Another obstacle, as I mentioned, is getting the right people. We've used recruiters in the past, and some have been good and we've had some success with that. I think the biggest success for us comes from finding people through a referral process. Just trying to put a resume on the Internet and trying to hope something happens doesn't work. That's kind of like saying, "I am going to do a bunch of cold calling and hope a client comes in." That doesn't usually work, either.
What do you look for in the people you hire?
I look for attitude, aptitude and altitude. Attitude – do you have the right attitude, do you have the passion, do you have what we call the entrepreneurial skills and want to do that? Aptitude means do you have the knowledge and the education and the comfort level of being in a technical company? And third is altitude – where do you want to go? Do you want to stay in the current job you're in for the rest of your life, or do you have a passion to want to do something else?
Then, second, is how do they fit into our core values? Integrity, initiatives, problem-solving and customer first - those are our core values.
What is your biggest pet peeve in business or amongst colleagues?
Lack of communication because you get surprised when that happens.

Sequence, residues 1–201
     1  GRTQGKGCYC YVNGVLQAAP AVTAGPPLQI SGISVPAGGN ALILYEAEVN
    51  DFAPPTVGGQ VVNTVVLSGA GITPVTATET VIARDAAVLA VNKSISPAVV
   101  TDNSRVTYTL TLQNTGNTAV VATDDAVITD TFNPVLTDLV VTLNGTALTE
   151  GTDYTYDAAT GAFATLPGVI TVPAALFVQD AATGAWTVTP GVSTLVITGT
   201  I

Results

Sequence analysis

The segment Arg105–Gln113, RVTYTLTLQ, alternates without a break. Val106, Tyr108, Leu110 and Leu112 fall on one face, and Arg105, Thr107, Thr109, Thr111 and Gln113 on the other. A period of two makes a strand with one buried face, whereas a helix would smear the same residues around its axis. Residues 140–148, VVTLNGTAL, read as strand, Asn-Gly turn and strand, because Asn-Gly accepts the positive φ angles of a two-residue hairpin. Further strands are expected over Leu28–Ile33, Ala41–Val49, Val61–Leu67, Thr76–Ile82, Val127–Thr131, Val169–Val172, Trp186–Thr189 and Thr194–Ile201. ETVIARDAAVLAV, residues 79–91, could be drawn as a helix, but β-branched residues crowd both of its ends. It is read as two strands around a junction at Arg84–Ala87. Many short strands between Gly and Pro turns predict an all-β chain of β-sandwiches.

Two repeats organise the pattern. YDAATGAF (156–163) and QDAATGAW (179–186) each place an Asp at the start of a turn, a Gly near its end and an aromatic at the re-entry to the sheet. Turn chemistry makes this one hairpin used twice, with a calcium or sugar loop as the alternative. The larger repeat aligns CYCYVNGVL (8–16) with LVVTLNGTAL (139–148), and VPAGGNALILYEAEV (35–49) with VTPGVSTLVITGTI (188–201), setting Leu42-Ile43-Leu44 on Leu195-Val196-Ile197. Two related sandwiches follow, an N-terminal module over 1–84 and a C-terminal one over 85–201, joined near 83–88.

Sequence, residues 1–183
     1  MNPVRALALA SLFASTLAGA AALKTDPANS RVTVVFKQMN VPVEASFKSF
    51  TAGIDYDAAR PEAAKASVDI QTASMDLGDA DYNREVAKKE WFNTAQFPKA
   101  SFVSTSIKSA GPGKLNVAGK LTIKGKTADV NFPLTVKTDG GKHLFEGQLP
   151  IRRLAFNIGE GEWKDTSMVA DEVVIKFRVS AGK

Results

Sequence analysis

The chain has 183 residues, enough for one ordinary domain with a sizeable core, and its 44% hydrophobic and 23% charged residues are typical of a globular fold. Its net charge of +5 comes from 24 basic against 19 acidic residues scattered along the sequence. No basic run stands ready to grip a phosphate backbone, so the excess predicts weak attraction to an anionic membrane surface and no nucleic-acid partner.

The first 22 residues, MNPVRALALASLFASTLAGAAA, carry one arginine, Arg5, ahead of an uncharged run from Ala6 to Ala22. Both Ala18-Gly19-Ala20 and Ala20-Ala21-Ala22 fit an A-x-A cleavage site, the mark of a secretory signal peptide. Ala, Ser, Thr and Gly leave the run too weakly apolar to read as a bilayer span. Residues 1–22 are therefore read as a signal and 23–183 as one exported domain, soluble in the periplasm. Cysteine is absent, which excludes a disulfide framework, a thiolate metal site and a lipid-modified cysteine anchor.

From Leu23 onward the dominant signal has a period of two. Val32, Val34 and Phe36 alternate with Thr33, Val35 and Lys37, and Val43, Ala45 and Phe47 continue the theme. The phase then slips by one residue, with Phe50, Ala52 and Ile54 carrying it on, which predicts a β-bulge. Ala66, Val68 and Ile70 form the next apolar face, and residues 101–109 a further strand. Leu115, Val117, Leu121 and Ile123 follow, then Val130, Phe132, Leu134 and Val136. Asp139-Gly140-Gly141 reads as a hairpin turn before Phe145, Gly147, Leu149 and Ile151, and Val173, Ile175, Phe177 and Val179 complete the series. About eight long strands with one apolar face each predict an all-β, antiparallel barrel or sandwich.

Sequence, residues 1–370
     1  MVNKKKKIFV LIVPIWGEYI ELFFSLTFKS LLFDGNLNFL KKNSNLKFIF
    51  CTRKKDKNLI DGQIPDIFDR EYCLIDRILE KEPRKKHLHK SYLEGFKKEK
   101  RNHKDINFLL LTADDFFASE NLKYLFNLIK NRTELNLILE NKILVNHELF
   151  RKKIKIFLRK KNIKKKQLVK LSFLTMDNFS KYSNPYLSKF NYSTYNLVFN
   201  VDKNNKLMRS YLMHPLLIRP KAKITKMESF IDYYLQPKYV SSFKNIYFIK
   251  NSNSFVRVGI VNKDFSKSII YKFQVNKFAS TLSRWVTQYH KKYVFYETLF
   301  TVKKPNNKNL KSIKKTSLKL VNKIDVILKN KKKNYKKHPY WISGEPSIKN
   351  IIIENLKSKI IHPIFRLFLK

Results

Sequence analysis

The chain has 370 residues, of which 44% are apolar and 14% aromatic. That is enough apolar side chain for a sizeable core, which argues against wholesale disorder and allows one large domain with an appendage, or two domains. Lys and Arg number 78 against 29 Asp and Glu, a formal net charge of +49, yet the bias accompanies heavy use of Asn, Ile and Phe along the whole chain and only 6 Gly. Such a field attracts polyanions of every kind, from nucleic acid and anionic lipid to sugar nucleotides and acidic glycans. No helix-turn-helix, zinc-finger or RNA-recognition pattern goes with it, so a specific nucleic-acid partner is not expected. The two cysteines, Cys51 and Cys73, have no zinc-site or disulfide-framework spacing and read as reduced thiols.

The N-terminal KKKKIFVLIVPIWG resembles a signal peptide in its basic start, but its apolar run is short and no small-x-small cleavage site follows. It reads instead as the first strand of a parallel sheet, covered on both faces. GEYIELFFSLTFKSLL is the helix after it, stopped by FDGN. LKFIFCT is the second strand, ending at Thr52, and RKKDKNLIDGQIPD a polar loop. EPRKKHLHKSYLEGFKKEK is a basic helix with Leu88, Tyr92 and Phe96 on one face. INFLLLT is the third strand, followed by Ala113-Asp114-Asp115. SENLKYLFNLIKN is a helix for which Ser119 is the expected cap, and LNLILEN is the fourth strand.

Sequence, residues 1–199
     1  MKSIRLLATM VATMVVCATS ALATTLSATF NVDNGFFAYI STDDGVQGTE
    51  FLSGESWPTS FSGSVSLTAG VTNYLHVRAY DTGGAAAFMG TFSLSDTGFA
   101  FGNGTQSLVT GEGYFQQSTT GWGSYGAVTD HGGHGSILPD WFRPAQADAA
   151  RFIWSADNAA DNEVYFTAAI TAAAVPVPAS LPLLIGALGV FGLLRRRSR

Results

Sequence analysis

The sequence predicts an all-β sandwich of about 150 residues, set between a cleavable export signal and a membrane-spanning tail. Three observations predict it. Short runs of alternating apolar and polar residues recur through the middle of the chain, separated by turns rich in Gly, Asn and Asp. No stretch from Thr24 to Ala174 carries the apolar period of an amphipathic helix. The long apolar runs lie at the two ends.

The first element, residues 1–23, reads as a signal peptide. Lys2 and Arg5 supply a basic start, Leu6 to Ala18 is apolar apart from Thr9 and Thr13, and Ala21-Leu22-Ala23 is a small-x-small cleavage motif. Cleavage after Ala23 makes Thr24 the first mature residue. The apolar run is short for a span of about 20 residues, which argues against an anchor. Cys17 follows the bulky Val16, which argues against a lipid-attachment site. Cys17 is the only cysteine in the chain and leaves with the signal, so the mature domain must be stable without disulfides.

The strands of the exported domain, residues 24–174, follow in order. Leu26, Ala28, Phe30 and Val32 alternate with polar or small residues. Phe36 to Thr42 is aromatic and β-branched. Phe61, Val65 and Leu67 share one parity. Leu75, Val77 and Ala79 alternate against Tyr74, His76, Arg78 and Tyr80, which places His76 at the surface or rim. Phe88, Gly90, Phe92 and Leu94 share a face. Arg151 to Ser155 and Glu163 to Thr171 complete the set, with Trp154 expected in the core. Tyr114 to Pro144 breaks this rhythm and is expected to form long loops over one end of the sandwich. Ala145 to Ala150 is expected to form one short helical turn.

What advice would you give new graduates seeking to work in the tech industry?
In general, young folks that come right out of college, they're ready to take on the world. They think they know everything. They want to be challenged. They want to have continuous feedback on what's going on. I need more, I want more, I need another project, I want to do this, I want to do that. And my advice on that is, that's great; you have the right attitude, but it's how you do that. What's the esprit de corps in how you want to get that accomplished? There's a wrong and a right way to approach your boss in terms of what you want to do.
Work on being less aggressive, a little bit softer. Let's get you through the first six months and see what happens. Let's get you through the first 12 months and see what happens. Let's get you to two years and then say, "What's my two-year plan? What's my five-year plan? Where do I want to be in two and five years from now?" That's the type of thing that you've got to think through as you start your career coming into the tech world. Because not everybody is going to be able to run the company. Not everybody is going to be able to come in and say, "I will work here for a little while and I'm going to go do my own startup." Just be a little bit patient and let's see where things go as you look at what your goals are.
What do you see as the future of your company?
I think it's extremely bright. We are very focused on only a few things. We provide infrastructure services that are within our building, allowing people to rest easy at night knowing that their equipment and their cloud environment are being taken care of. We've been able to transform companies, our clients, from a CapX spending to an OpX spending, which means that I don't have to go spend millions of dollars on equipment. I can allow Immedion to take care of me on an operational expense.